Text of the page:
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Tech supplier invests £100,000 in health and social care apprenticeships



Organisation management software provider, The Access Group, has completed a levy donation pledge to help the health and social care workforce recover from the impact of the coronavirus pandemic.

The pledge is part of a company-wide commitment to invest in people and skills.

As part of the pledge, which opened in March last year, the Health, Support and Care division (HSC) arm of the company has invested £100,000, helping to alleviate workforce pressures by enabling 86 health and social care apprenticeships across the country.

The investment is part of the apprenticeship levy scheme, which aims to encourage work-based training in particular sectors by making large organisations set aside funds for apprenticeships.

In July 2022, the Health and Care Committee noted that Care England reported that 95 per cent of care providers were struggling to recruit staff and that 75 percent of providers were struggling to retain their existing workforce.

In October, the CQC’s State of Care report said that in the first three months of 2022, 2.2 million hours of homecare could not be delivered due to insufficient workforce capacity.

As job satisfaction is a huge factor in the departure of many health and social care workers, the funds are intended to help organisations ensure more people join, stay and progress within the industry.

But with £3.5 billion of levy funds unused since 2019, the scheme has faced criticised from the British Retail Consortium (BRC), UKHospitality, techUK, and the Recruitment & Employment Confederation (REC).

The trade organisations recently called for the government to widen the scheme and create a broader skills levy that can be spent on a wider range of high-quality, accredited courses.

Steve Sawyer, Managing Director, Access HSC, said:

“We welcome discussions about reform to the apprenticeship levy scheme, as we are keen to maximise the impact of the funds and make apprenticeships more accessible.

“However, in traditionally ‘tech-poor’ sectors, like social care, the scheme is already making a positive impact, with apprenticeships playing a crucial role in improving job satisfaction and, ultimately, staff retention, with unhappy and unfulfilled staff more likely to move into other roles.”

The Access Group has invested the money into its own apprenticeship schemes as well as sharing it with 25 organisations from across health and care, supporting them to recover from the impact of the pandemic.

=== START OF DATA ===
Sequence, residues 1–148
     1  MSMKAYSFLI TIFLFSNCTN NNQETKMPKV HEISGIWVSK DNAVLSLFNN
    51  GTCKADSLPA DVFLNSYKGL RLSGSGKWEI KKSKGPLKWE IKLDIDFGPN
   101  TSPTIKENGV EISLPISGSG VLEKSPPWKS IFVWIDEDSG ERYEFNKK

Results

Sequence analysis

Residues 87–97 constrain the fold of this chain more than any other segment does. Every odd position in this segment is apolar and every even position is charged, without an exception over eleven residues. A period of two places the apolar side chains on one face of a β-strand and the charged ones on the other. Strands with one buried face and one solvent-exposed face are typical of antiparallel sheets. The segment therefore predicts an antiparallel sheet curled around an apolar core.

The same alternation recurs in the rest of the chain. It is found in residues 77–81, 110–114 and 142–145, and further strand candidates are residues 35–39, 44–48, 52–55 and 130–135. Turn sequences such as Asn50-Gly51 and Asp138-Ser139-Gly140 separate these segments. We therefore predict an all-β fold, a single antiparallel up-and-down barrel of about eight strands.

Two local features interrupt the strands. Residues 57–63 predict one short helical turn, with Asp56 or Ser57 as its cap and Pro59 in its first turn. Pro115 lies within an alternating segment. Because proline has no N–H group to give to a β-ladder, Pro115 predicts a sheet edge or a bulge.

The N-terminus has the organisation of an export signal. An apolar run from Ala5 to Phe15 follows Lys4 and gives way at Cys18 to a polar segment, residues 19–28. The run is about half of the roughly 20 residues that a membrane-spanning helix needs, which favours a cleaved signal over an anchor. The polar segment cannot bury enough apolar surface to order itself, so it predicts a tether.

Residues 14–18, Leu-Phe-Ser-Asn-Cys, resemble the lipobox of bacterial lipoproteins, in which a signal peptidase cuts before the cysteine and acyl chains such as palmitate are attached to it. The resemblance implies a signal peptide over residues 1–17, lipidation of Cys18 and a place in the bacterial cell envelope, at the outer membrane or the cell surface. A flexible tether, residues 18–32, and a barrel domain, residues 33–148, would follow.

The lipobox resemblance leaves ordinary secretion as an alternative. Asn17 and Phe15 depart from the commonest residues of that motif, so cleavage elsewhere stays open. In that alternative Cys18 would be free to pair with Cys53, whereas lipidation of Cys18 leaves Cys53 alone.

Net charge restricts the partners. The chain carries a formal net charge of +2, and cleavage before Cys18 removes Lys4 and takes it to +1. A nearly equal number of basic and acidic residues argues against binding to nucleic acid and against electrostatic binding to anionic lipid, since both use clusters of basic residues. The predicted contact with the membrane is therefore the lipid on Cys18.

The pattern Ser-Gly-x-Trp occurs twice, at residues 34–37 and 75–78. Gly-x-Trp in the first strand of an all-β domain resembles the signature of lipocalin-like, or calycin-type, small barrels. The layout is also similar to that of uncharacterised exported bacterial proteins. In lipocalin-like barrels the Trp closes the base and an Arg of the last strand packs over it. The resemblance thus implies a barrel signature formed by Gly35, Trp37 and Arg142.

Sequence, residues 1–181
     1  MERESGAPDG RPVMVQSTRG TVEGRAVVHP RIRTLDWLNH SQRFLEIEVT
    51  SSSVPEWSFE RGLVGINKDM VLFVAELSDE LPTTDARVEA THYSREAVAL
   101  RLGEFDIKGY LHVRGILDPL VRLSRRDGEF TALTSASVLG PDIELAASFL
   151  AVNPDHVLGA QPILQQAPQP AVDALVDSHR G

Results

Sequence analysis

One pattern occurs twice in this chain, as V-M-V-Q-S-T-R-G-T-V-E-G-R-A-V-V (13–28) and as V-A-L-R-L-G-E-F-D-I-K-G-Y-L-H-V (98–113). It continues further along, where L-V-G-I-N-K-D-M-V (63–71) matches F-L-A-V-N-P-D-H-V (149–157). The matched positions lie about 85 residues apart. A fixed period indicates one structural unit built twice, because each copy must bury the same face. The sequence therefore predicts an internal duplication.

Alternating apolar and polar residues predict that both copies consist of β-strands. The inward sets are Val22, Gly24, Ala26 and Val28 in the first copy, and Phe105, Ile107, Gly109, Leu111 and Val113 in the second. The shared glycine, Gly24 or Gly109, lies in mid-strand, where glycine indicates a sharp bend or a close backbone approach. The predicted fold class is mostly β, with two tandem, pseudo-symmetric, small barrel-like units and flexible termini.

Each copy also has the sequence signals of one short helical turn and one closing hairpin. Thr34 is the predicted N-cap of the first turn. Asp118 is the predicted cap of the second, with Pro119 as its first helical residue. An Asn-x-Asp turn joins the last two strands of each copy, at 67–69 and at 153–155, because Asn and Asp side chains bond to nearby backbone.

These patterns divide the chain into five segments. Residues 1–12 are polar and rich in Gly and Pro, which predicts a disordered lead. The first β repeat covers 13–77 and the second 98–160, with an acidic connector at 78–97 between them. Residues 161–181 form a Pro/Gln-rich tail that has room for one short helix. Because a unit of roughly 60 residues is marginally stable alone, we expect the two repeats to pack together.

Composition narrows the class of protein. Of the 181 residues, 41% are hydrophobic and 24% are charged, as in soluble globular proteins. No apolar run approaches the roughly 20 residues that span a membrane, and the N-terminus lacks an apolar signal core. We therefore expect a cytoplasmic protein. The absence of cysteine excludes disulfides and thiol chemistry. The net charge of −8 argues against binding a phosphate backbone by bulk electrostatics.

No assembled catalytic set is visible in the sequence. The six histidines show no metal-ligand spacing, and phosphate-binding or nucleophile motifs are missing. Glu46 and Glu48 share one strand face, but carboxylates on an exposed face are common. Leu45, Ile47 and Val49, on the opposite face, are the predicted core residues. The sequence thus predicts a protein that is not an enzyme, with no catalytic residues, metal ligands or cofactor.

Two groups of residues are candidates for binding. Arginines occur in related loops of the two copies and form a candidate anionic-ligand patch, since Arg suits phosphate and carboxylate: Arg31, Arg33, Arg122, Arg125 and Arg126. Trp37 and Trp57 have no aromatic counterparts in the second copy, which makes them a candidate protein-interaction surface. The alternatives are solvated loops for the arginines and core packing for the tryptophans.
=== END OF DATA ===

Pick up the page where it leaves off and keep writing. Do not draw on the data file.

To date, Access HSC has supported care homes with apprenticeships ranging from Level 2 to level 5, which is equivalent to a foundation degree.

Benefactors of the financial support include residential care providers, Home2Home with Care, Burrow Down Support; and domiciliary care provider, Hamble Valley Care.

Each month, Access HSC transfers funds to a range of care organisations, enabling them to work with apprenticeship providers of their choice to deliver employee training and support.

At the start of the process, the apprenticeship providers worked with the various care organisations and their employees to understand which apprenticeships were right for them.

Individuals across the age spectrum are now being trained as part of the programme, covering qualifications from Levels 2 to 5, which ranges from GCSE to foundation degree level.

Sawyer added:

“When we first explored the potential of this opportunity, we took the decision to make the investment available to all organisations, not just our customers, ensuring it can be used effectively by those who need it the most.

“Our approach aligns with recent comments made by the Secretary of State for Health and Social Care, who outlined his commitment to apprenticeships and explained how the department will be working with local leaders on prioritisation.”

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